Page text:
Tuesday, October 23, 2012

VIP visit and otter again at the Northern Expedition Day 9

Today, Minister of State Tan Chuan-Jin visits the Northern Expedition! So we had a very busy day. AND another otter sighting too!
Minister expressed his support for the Expedition and how impressed he is with the passion shown by all those involved in making it happen. See Minister's full personal post about the Expedition and efforts for marine conservation.

After the speeches, it was time for a nice group photo of the key Expedition members.
Minister then tours the Expedition, beginning with the Sorting Station where he is introduced to Yoyo and Swee who so ably leads the work there, as well as the many volunteers diligently working on a recent dredge.
The Minister also has a look at the Preservation Station where Joo Yong shares the important and tricky work being done here.
On the way to the labs, the Minister stops by as Dr Daisuke shows how he tries to find his parasitic copepods in the fishes he just caught. Minister takes photos of this rather gruesome activity.
In the lab, Minister chats with some of the scientists at work, and stops by at Rene's station to have a look at tiny creatures under a microscope.
The Minister takes a lot of photos of the work done at the Expedition.
Minister seems to be an avid photographer and was particularly interested in the Photography Station. Where Dr Tan Heok Hui explains the many specialised equipment used to take great photos of our finds.
Minister also has a look at the Cyropreservation Station.
Prof Peter also introduces key Expedition leaders such as Koh Kwan Siong who looks after all of us so well.
Swee gives Minister the special Expedition badges that Rene has drawn and made by hand.
Minister then went on a dredge survey led by Dr Bertrand.
Photo by NParks on facebook
Here Minister takes a closer look at some of what we can find at the bottom of Singapore's waters.
Photo by NParks on facebook
After the Minister headed back, it was time for press interviews with Prof Peter and some of the other Expedition members.
Since it's such a special day, it's time to give out the marine critter soft toys I've been making over the months to the hard working volunteers.
Also for the much appreciated sponsors who came for this event.
And the media as well.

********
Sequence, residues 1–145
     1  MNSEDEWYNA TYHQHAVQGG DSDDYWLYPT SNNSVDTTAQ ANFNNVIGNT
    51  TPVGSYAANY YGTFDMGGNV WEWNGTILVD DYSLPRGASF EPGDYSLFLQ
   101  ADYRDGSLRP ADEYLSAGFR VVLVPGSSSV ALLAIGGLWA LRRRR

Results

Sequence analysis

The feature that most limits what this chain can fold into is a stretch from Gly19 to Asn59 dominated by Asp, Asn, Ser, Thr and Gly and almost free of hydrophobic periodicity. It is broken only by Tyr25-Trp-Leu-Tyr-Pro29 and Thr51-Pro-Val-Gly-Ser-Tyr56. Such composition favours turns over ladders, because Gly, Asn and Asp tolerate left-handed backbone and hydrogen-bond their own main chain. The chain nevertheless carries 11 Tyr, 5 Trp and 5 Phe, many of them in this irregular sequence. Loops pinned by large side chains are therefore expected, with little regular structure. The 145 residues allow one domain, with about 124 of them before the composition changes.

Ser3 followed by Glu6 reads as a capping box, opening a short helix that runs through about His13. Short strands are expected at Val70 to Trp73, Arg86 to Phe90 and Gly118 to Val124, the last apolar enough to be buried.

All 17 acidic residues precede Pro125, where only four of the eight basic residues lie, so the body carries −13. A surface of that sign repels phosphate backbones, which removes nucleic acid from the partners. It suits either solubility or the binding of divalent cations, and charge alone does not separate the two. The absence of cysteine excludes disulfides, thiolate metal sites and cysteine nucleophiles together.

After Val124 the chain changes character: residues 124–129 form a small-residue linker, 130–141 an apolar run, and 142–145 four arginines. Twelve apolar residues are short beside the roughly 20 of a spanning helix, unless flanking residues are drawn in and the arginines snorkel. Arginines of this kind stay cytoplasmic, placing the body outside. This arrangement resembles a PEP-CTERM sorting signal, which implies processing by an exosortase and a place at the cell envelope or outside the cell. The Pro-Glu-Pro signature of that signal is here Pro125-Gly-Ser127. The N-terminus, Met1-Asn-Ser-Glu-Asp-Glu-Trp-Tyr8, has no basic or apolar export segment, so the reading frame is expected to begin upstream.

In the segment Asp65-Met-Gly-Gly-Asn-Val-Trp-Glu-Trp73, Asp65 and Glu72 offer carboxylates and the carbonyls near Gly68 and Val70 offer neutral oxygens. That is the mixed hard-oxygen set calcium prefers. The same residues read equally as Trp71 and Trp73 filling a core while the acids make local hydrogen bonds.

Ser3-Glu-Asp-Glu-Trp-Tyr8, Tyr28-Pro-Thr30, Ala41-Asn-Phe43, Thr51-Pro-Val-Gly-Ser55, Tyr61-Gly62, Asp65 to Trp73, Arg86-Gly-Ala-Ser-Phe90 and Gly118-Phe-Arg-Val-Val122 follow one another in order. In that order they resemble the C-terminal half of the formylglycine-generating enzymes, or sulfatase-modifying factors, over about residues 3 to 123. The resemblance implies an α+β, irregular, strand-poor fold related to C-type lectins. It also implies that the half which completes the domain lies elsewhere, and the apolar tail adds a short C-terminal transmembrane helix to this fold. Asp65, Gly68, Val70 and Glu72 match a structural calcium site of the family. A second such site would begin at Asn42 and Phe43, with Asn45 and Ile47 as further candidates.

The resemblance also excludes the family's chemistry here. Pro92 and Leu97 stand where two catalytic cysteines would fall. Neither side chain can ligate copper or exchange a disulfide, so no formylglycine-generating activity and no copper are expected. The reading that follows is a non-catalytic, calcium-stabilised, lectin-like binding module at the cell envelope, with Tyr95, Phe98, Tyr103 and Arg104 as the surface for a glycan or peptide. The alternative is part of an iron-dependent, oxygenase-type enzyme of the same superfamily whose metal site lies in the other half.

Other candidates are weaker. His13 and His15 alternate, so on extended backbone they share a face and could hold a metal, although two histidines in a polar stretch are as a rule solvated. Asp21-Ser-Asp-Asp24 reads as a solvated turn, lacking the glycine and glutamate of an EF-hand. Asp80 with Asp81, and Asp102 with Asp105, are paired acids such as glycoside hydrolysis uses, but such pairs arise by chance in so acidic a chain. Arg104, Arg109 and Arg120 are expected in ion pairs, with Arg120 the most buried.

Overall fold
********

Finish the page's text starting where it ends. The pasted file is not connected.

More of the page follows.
The scientists and staff at the Expedition also had their pick over lunch.
Once the VIP and entourage left, the work went on as usual. A dredge survey has returned with lots of interesting fishes and other finds. Swee sorts them out quickly for photography, while Joo Yong deals with the database.
And sorting goes on all day. It's amazing what we can find in a bunch of seaweeds.
In the evening, it's time once again for the series of short talks by the visiting scientists. Dr Kathe Jensen shares lots of interesting stories about sap-sucking and other slugs. There are so many fascinating slugs that she has yet to identify. Part of the problem is finding enough specimens to study properly. She also shares how divers can help by spotting and sharing finds of these elusive creatures.
Mr Chen Cheng Ann shares intriguing insights into marine nematodes. Tiny worms that may appear ugly but are actually an important and poorly studied part of the marine ecosystem.
His studies help support efforts to manage and secure conservation sites in West Malaysia.
My favourite talk was by Dr Daisuke Uyeno who studies parasitic copepods. They may sound icky but are fascinating when we learn more about them.
There are all kinds of other parasites on fishes too, like leaches...eeeks.
Dr Daisuke shares gorgeous photos and drawings of these strange creatures. Many are found on fishes and he is constantly working throughout the Expedition to catch fishes and wash them to look for his tiny copepods.
Parasitic copepods are also found on nudibranch! He often spots them on photos taken by divers who may be oblivious to these tiny parasites.
Parasitic copepods are found on a wide variety of sea creatures! It's amazing what variety of life can be found in the sea.
Dr Daisuke explains the issues surrounding eating sashimi fishes. Some of them we just shouldn't eat too much of!
We then enjoy a great talk by Dr Helen Larson who shared how she got started studying gobies for the last 45 years! Among her early subjects of study was this cute little goby that would sit on your foot.
Dr Helen explains how the best places to find gobies are the muddy icky ones.
Studying gobies requires painstaking work, and close study of tiny features. She is known as the Goby Goddess or Gobiwan Kenobe as the foremost expert in the study of these fishes.
She shared some of the problematic gobies in our reagion. There is still so much work to be done. As if studying gobies were not daunting enough, Dr Helen is also involved in other efforts such as documenting vanishing native languages in Australia, and working on fossils. She is also an avid birder and is spending sometime birding in Singapore too!
As always, these talks remind me how fascinating our marine life can be. There is still so much more to learn and discover.

Before the talks, Dr Zeehan Jaafar went for a little survey in the back mangroves near OBS and she saw a small otter not two metres from where she was! WOW! That's the FOURTH time we have spotted otters during the Expedition, and we are not even half way through it.

Minister beats me to share about his visit to the Expedition with a lovely post about Singapore's awesome marine life on facebook!

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